Interview with Per Meyerdierks about the challenges and opportunities of anonymizing personal data

Interview with Per Meyerdierks about the challenges and opportunities of anonymizing personal data

Editor: Gerhard Walter, Solutions by HANDELSBLATT MEDIA GROUP GMBH

Interview with Per Meyerdierks, member of the legal department at Google Germany GmbH in Hamburg and Senior Privacy Counsel, about challenges and opportunities when anonymising personal data.

“By combining federated learning with differential privacy, you can make sure the individual contributions you compile do not permit conclusions to be drawn about individuals.”

To what extent is differential privacy the ideal solution for anonymising personal data?

Differential privacy is one of many anonymisation approaches. It’s not necessarily the ideal solution. Often, you need to combine several approaches to achieve your goals.

Differential privacy is a relatively new approach for anonymizing personal data that’s currently being used in more and more fields. It enables you to provide valuable, statistical information without compromising the anonymity of the individuals whose data provide the basis.

What practical experience does Google have with differential privacy?
We choose this anonymisation approach to provide a number of helpful functions in our products. In Google Maps, for example, we can show how many people visit a specific place at specific times without enabling conclusions to be drawn about individual visitors. Anonymised mobility reports are also based on the differential privacy principle. By showing mobility trends in the population, they support health authorities in their decision-making process in the fight against corona.

We’ve also published parts of this technology as open source, making them freely available to any organisation or developer.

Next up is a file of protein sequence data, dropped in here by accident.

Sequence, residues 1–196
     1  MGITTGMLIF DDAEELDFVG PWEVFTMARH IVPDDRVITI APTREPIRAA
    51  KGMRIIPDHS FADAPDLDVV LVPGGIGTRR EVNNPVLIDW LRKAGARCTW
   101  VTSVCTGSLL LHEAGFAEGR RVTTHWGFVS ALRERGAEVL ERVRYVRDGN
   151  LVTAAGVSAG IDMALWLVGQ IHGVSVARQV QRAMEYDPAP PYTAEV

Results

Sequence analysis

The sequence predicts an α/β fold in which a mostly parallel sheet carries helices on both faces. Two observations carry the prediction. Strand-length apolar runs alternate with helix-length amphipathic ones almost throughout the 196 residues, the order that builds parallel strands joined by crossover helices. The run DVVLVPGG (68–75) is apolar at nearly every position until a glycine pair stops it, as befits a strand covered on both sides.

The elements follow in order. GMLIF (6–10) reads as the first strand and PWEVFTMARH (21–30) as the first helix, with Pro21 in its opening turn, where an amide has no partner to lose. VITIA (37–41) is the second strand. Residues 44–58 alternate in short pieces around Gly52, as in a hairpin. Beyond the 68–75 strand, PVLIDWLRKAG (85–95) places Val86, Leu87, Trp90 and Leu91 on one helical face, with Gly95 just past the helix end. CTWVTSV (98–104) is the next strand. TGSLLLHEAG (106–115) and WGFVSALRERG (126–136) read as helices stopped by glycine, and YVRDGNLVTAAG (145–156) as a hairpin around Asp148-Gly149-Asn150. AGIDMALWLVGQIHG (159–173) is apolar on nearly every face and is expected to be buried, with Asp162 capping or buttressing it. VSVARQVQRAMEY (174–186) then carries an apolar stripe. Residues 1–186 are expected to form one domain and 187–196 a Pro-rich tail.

In the context of data protection, how important is federated learning for collecting and processing personal data?

As I see it, that’s still an open question – which is why I’m particularly interested in it.

Federated learning is a variant of federated computing. In the old days, most data processing was done on end users’ computers, which at the time were still fairly slow. But from the turn of the century on, as connectivity grew and applications became more demanding, those processes increasingly shifted to the servers of providers, which means the cloud. Today, end devices have so much storage capacity, computing power and data security that more and more data processing operations can now be diverted back. That makes sense financially, improves performance, and also means you can literally put more sensitive data processing processes back into the hands of the people concerned.

With federated learning, for example, personal data used for machine learning can stay on your end device. So the only contribution you make is towards learning. And by combining that approach with differential privacy, you can make sure compilations of individual contributions won’t permit any conclusions to be drawn about individuals.

I’m looking forward to discussing with conference participants how this processing approach should be classified under data protection law. Does the data protection law offer incentives for this approach, or does it actually increase data protection risk?

Do you use the German government’s corona app?
Yes, because it tells me about my own risk of infection without anyone being able to trace who I and my smart phone have met in the last fortnight.

Per Meyerdierks is a lawyer who worked in the legal department of Lycos Europe GmbH in Gütersloh until April 2007. In May 2007 he joined the legal department at Google Germany GmbH in Hamburg, where he is Senior Privacy Counsel. He advises Google primarily on issues relating to European data protection law, and is the company’s contact person for supervisory authorities in several countries, including Germany.